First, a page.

Exceptions overruled. The defendants were convicted in the Superior Court of unarmed robbery after a trial before a judge and a jury. They moved for a new trial on the ground of newly discovered evidence. After a hearing at which evidence was introduced, the motion was denied. There were no requests for rulings. The defendants excepted to the denial of the motion. Such denial was within the discretion of the judge. No abuse of discretion on other error of law is shown. Commonwealth v. Dascalakis, 246 Mass. 12 , 32-33. Commonwealth v. Devereaux, 257 Mass. 391 , 394-395. Commonwealth v. Cero, 264 Mass. 264 , 272. Commonwealth v. Chin Kee, 283 Mass. 248 , 256-257. Commonwealth v. Gwizdoski, 284 Mass. 578 , 581.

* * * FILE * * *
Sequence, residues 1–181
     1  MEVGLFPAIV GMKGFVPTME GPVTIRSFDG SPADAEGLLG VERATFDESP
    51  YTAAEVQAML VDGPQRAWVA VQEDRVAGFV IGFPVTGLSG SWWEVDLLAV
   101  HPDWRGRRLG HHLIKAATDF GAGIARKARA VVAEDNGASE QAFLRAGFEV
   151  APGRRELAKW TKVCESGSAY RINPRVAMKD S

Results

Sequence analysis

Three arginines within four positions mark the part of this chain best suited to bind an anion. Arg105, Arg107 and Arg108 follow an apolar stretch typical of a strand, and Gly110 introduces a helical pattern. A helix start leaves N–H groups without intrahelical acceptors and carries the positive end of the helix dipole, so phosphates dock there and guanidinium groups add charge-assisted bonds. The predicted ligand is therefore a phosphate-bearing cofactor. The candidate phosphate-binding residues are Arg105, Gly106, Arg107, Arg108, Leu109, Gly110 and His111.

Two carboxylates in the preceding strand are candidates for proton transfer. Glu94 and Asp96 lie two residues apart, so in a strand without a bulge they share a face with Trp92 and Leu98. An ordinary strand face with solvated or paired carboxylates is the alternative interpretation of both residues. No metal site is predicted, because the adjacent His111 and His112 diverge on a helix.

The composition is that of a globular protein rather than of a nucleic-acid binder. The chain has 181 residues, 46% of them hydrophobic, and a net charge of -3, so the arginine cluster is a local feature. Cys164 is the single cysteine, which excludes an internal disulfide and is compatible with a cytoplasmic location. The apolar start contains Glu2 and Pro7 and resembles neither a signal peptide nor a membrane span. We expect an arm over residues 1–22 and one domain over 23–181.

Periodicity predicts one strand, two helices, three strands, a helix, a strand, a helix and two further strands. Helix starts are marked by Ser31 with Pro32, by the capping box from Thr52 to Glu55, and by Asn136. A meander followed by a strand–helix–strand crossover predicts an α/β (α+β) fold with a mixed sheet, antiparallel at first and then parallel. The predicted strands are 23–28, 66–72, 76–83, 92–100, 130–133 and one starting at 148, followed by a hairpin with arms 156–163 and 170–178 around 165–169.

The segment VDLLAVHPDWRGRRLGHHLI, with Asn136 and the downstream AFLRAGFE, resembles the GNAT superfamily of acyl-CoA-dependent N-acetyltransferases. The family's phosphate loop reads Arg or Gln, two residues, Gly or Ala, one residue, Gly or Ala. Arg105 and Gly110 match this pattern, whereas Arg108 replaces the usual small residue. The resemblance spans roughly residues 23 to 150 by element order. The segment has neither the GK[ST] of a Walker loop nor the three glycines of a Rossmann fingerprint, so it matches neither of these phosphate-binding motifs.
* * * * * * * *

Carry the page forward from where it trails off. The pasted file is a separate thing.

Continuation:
Exceptions overruled. This action of tort was tried in the Superior Court before a judge sitting without a jury. There was a finding for the defendant. The plaintiff has entered a bill of exceptions in this court. It sets out nine "requests [by the plaintiff] for rulings and findings" with the judge's action thereon stated. The plaintiff's argument is limited to the third, fourth, sixth and ninth requests. With respect to the fourth request the bill of exceptions states: "The Court found `No. The Court did not so find.'" With respect to each of the other three requests the bill of exceptions states: "The Court found `No.' "The bill of exceptions does not show that any exception was saved by the plaintiff to the disposition made by the judge of these requests or to any other action by him. Consequently no question of law is presented to this court for its consideration. Conde Nast Press, Inc. v. Cornhill Publishing Co. 255 Mass. 480 , 484. Rule 72 of the Superior Court (1932). But even if exceptions had been saved to the disposition of the rulings in question, they would have to be overruled. The third, sixth and ninth requests called for findings of fact, or rulings of law based upon findings of fact, which findings of fact the judge was not required as matter of law to make on the evidence. The fourth request is predicated upon a finding of fact, which the judge states that he did not make and which he was not required as matter of law to make on the evidence.